When Chrysler sold off its European assets to Peugeot in 1978, the former Simcas, Chryslers, and Hillmans that comprised the disparate lineup mostly became Talbots for 1979 (though the Simca named lingered on some small commercials into the mid-80s).
PSA inherited at least one successful car in the deal, the Talbot Horizon, and at first it seemed like Talbot would be a natural third brand for PSA. Due to the Rootes connection, Talbot was particularly strong in the U.K. and indeed, expanding into the U.K. was part of why PSA bought Chrysler Europe. That, and absorbing another competitor (the former Simca).
But Talbot struggled – in part because of name confusion, and in part because some of the cars were just old. Even the Horizon began to fade a bit after 1981.
Samba & Tagora
That year Talbot launched its first two new cars. The first was the Tagora, a large sedan developed under Chrysler since 1976 and originally called the Chrysler C9. The second was the Samba supermini, a restyled version of the circa-1972 Peugeot 104. The big Tagora bombed but the Samba did okay – until the Peugeot 205 arrived.
A bold car for typically conservative Peugeot, who had embraced front-drive quickly but whose tasteful, understated designs rarely made waves, the modern, excellent-to-drive 205 quickly became king of the superminis, followed closely by the Fiat Uno. Both were launched within weeks of eachother and both best-sellers spelled trouble for the Samba, fundamentally the car the 205 was replacing.
It was in this period – 1982-84, that PSA was planning a Horizon replacement, internally named the Talbot C28. The engineering was largely handled by Poissy, the design by PSA’s (former Rootes) studio in Whitley in the U.K., but the poor results of 1981 had meant Talbot was managed primarily by Peugeot HQ.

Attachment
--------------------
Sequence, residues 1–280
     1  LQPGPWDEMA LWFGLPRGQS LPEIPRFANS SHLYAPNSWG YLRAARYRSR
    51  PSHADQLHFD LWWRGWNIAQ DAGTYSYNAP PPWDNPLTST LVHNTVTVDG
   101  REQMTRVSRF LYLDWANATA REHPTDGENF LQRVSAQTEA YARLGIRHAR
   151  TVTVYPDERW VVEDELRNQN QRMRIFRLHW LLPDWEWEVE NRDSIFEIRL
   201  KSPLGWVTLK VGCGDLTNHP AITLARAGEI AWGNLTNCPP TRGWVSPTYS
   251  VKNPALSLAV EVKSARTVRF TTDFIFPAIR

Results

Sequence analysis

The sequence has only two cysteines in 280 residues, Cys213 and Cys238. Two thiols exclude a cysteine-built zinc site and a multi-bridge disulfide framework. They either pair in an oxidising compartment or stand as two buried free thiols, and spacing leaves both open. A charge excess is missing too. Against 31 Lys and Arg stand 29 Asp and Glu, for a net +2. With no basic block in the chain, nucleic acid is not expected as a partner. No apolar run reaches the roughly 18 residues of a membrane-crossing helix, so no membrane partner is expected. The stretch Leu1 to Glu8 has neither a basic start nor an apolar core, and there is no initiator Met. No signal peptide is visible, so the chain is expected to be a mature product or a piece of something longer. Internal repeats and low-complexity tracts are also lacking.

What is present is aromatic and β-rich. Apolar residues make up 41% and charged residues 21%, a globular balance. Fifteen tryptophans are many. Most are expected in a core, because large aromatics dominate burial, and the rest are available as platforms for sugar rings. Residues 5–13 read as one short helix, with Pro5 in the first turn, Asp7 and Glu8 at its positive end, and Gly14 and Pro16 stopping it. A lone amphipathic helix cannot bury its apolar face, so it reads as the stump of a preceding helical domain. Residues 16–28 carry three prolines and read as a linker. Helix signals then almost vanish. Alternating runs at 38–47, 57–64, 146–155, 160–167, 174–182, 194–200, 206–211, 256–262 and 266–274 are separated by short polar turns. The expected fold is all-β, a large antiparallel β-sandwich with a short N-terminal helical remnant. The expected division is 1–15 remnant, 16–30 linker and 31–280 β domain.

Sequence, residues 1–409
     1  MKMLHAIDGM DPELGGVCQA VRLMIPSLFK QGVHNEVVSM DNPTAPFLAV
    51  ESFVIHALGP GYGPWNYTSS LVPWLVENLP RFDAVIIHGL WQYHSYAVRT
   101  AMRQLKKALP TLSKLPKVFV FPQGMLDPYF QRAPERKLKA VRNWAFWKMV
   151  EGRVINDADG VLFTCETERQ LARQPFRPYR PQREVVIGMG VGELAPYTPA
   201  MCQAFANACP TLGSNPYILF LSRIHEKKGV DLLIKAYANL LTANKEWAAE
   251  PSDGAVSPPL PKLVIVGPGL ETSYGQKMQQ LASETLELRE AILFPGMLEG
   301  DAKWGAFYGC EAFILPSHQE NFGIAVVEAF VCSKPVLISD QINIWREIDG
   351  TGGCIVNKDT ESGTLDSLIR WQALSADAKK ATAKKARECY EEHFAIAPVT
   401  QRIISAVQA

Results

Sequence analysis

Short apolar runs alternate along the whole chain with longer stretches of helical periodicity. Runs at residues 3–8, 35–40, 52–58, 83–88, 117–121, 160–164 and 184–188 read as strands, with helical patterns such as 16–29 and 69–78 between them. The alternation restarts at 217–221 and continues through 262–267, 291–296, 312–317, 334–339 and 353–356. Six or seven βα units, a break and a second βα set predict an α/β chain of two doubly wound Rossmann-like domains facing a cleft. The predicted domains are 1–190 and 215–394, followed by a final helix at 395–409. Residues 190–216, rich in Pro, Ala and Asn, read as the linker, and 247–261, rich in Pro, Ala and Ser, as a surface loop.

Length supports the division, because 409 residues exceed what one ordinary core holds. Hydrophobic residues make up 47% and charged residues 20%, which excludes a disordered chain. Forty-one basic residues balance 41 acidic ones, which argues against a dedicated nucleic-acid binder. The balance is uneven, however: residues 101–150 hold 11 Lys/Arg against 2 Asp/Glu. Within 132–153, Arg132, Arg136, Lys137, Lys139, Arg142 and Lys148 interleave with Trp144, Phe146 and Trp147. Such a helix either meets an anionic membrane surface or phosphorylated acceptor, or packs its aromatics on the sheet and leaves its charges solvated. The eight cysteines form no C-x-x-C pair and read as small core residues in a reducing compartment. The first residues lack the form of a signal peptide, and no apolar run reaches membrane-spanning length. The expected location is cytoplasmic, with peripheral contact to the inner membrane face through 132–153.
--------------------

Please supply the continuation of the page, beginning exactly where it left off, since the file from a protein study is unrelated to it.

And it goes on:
The C28’s designers were given latitude to be creative, but for cost reasons, they had to use the PSA parts bin wherever possible – just as on the Samba. What emerged was basically a widened, lengthened Peugeot 205 with semi-notchback styling (with a Renault-like wraparound hatch). Even the 205’s doors were re-used.
The 309’s shape was telegraphed by the Peugeot VERA Plus concept in 1982, at the time believed to be a “105” or “205” prototype. The styling was locked down by the end of 1983.
Production was to be split between Ryton-on-Dunsmore in the U.K. and Poissy in France. This meant a considerable investment in Ryton – £30M according to AutoCar, but it meant the end of the products that were already being produced there – the Horizon and the Alpine/Solara. Even before the car debuted, the design center at Whitley was wound down (it was sold to Jaguar in 1987).
Talbot Arizona to Peugeot 309
For different markets, the cars were powered by a mix of ex-Simca and new PSA powerplants. But with Talbot sales in steady decline, a last minute decision turned the “Talbot Arizona” into the Peugeot 309, rolling off the line in October, 1985.
There was some initial skepticism about the car – it didn’t look quite like the other Peugeots despite some shared panels; the decision to not continue with Talbot was abrupt; and Peugeot was already selling the well known 305, with which the 309 shared nothing and was not a successor.
A tight handler and practical, it was well loved buy buyers and hot hatch fans alike, though it never had the cachet of the 205. The 309 went on to become a huge seller in European markets.
One place it never went, however, was the USA – though reportedly Peugeot Motors of America briefly considered selling it here in 1986.
That makes this throwback-thursday 309 rather special, as it was photographed in Delaware in 2002.
The “25 year rule,” enacted when these cars were new, made it hard to bring in such cars in those days, but this early 309 Profil was brought in by a military serviceman. At the time, it may have been the only 309 in all of North America. The Profil was a base model with some aerodynamic add-ons, a reference to the 1985 VERA Profil, a follow up to the ’82 concept that was similarly aerodynamic.